“Well, just hear me out. This is a plant, right?” said E-Man. “A monstrous plant, but still just a plant. A plant needs light and water above all. So… what would happen if we… I don’t know… just cut off its light?” E-Man finished with a shrug.
“I don’t know,” admitted Volton, surprised that he hadn’t thought of it first. “Let’s find out.”
He placed a cover over his sample and gave it about a minute without light. When he pulled the cover off, the sample was noticeably paler and weaker. “You were right,” Volton said, laughing. “It does need sunlight.”
“Well, I come up with a good suggestion once in a while,” E-Man said, full of himself. “The next question is — how do we turn the sun off for the rest of it?”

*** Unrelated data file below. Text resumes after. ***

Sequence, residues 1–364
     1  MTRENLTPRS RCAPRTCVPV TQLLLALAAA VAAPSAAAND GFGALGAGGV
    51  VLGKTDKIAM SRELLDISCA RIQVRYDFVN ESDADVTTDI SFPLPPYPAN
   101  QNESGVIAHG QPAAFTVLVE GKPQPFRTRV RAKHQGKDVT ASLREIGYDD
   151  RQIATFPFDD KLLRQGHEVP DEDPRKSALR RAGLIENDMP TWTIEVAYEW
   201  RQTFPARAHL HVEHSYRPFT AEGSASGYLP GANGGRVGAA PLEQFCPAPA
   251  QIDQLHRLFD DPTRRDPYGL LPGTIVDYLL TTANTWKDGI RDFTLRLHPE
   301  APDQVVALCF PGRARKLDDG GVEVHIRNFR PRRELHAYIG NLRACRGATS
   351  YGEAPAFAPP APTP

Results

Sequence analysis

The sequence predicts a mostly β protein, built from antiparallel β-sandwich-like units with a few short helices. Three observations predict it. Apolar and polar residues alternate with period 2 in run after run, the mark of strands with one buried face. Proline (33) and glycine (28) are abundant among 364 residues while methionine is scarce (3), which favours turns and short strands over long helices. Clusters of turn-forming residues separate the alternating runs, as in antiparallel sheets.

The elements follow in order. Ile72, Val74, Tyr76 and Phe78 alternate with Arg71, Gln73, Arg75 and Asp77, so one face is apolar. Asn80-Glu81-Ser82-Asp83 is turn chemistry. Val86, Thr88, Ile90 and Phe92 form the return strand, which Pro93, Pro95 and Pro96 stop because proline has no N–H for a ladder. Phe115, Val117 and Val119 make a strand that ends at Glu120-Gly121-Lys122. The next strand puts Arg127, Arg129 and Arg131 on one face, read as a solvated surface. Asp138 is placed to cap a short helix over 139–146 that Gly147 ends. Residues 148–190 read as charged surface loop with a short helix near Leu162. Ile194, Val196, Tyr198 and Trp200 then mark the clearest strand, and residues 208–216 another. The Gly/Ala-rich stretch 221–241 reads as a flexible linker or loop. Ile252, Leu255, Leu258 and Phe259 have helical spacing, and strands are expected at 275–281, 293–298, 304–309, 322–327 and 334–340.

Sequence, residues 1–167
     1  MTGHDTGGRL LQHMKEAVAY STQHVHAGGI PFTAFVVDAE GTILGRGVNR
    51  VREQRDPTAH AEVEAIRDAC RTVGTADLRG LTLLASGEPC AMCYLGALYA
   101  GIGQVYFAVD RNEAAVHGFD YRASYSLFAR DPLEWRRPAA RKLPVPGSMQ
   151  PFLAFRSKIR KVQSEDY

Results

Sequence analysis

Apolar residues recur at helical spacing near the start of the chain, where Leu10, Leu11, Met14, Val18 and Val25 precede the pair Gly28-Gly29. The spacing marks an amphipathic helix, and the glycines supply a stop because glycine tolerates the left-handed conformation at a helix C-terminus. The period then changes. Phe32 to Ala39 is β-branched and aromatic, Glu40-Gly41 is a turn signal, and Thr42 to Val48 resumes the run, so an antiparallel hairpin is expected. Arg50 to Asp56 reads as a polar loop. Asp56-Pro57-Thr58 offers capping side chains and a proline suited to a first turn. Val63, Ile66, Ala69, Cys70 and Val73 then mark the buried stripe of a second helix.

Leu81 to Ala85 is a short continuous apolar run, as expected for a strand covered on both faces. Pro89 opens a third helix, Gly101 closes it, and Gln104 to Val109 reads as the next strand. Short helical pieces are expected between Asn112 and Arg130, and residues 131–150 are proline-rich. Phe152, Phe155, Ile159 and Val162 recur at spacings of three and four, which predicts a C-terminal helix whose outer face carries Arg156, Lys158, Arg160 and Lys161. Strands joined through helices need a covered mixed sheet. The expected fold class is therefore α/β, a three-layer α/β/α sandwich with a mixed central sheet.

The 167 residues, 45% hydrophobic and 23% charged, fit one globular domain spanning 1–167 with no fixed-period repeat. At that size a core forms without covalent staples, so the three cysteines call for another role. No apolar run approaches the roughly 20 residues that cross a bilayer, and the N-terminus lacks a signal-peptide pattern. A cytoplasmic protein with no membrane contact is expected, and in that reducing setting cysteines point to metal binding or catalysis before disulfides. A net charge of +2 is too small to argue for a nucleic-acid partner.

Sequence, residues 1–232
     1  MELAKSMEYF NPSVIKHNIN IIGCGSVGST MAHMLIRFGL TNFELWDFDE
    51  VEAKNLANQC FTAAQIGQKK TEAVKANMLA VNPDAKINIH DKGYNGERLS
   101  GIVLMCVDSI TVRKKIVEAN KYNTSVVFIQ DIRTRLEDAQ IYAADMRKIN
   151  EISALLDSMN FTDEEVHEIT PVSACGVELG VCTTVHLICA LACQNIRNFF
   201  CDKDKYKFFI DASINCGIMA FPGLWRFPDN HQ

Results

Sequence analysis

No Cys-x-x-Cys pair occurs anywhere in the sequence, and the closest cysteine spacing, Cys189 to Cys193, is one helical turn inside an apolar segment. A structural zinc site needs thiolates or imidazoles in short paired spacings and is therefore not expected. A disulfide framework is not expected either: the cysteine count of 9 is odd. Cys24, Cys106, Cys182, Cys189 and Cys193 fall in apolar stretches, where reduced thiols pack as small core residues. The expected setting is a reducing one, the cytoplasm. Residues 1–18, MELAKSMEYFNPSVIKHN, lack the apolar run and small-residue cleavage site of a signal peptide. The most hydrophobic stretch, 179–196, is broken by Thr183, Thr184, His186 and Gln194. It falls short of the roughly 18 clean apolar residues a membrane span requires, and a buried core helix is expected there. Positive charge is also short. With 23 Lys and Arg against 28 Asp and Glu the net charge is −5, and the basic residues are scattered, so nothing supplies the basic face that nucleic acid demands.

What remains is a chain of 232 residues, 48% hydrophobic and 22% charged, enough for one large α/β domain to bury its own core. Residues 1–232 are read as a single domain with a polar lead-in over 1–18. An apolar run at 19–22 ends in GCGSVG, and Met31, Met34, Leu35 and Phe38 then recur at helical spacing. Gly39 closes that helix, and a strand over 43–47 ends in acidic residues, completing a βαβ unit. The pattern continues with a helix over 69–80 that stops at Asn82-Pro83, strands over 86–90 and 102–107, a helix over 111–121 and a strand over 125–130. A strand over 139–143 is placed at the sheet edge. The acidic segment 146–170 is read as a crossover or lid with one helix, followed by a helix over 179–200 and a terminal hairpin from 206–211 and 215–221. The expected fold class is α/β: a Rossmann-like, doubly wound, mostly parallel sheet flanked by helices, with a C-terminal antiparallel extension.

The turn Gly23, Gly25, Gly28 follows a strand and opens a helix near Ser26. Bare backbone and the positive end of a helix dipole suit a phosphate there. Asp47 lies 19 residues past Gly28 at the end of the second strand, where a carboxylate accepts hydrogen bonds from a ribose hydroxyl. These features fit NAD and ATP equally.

Volton blinked. “I… have no idea.”
E-Man morphed his face so that his eyes had become pink-skinned binoculars. He spotted the team called LAW trying to stop the giant plant from below. “Hey, I’ve got an idea,” said E-Man, turning and pointing to them with an elongated arm. “Let’s talk with those guys down there. Maybe they’ve got a solution for us.”
“Um… OK,” said Volton, somewhat in awe of E-Man’s unusual abilities and the way he effortlessly used them. Clearly, he had some faulty preconceptions about American action-heroes.
Dr. Tetsuo Moto cursed as he watched the satellite feed at his headquarters. Halfway around the globe, the Sentinels of Justice made a similar discovery as the Question watched Blue Beetle undertake some of the same tests done by their counterparts. He had taken half of the sample and placed it under a styrofoam box. He checked it when Blue Beetle had given up everything else. The sample had turned to dust.